Big news in the finance sector today is the US government's willingness to withdraw its support f...
Big news in the finance sector today is the US government's willingness to withdraw its support for an international crackdown on tax havens spearheaded by the British government, unless threats to sanction uncooperative offshore centres are watered down, reports The Guardian.
In the latest demonstration of Washington's new approach to international relations, the US government is demanding significant changes to an initiative aimed at stamping out "harmful tax practices", agreed by its fellow 30 members of the Organisation for Economic Cooperation and Development.
The Times also picks up on the story adding that secretive businesses looking to avoid the annoyance of taxation might soon give a wide berth to Jersey, as the semi-independent island state plans to sign proposals which will end its tax-free status.
The move follows a rash of modernisation plans put forward by the Jersey Financial Services Commission (JFSC) in response to demands from the Organisation for Economic Co-operation and Development (OECD).
The Times reported this morning that Worldcom, the debt-laden US telecoms company, completed the biggest bond sale on record by an American company yesterday, raising $11.9 billion (£8.2 billion) and renewing confidence in the battered telecoms sector.
The success of the record-breaking bond issue, completed in three different currencies, came as heartening news for BT, which plans to issue $7.1 billion of new shares to help to reduce its crippling debt. On Thursday BTannounced plans for an effective break-up as it moved to convince shareholders to back a deeply discounted £5.9bn ($8.4bn) rescue rights issue.
The FT also reports Bank of England is expected to cut interest rates at its monthly meeting on Thursday but faces a difficult expectations game in deciding the size of the cut. Three members of the Bank's nine-member monetary policy committee voted for a half-point reduction last month and the economic news since then has been generally worse than expected.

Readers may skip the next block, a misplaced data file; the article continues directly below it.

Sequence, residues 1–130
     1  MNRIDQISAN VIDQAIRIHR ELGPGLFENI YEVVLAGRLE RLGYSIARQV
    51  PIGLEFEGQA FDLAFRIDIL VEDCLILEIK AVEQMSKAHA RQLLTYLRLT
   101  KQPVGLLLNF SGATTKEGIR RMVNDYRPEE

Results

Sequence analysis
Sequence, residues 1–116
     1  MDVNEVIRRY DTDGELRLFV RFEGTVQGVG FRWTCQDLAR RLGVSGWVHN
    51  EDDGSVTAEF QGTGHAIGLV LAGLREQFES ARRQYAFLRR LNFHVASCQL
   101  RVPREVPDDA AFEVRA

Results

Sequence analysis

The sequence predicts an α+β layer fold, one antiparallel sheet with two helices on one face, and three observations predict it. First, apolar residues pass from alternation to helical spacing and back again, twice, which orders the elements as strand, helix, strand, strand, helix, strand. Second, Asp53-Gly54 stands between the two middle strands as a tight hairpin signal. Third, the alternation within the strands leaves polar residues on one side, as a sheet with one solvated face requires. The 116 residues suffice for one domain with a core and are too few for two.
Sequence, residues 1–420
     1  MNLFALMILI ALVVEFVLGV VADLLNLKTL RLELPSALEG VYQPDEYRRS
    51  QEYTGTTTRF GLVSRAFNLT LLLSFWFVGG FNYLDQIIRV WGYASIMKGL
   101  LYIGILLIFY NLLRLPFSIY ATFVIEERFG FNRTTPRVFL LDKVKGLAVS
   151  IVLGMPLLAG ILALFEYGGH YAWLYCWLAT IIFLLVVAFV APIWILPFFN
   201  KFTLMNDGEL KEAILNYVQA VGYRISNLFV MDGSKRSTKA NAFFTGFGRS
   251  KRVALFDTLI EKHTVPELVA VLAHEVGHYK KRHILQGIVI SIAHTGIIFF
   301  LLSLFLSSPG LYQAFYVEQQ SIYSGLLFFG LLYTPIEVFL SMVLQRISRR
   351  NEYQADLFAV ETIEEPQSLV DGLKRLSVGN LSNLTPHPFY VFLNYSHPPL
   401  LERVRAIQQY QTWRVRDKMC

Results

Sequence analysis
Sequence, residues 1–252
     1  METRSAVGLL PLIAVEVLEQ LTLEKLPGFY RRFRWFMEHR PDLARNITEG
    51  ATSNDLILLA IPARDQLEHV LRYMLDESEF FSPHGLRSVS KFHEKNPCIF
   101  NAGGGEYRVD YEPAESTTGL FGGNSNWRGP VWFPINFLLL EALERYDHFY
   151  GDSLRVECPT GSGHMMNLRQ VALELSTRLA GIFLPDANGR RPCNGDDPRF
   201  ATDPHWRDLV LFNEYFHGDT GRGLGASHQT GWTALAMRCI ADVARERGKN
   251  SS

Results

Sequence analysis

Also facing calls to cut interest rates is the European CentralBank, amid signs that the German economy, the most powerful in the eurozone, is running headlong into recession, reports The Times.
German officials yesterday reported that industrial output, a key measure of economic health, tumbled by a much worse than expected 3.7 per cent in March. The data will fuel demands that the ECB move to cut rates at a meeting of members scheduled for lunchtime today.
However according to the FT, Japan is one country which is coming back into favour with fund managers as the news gets better and the stock market rises.
Jonathan Grieg, head of Japanese equities at SG Asset Management, believes that this time, the stock market rally will last, although he cautions that risks remain.
He points to the "new policies or new people" that are in place on several fronts to relaunch efforts to get the economy going again as the main reason for his positive view.
And finally, The Guardian tells of several banks offering bank customers the opportunity to pay for their current account. Lloyds TSB, for instance, is asking its customers to pay £12 a month for its new Platinum offer. The big marketing ploy is the account comes with £98 a year of roadside assistance, £99 of annual travel insurance and other "perks" such as commission-free traveller's cheques.
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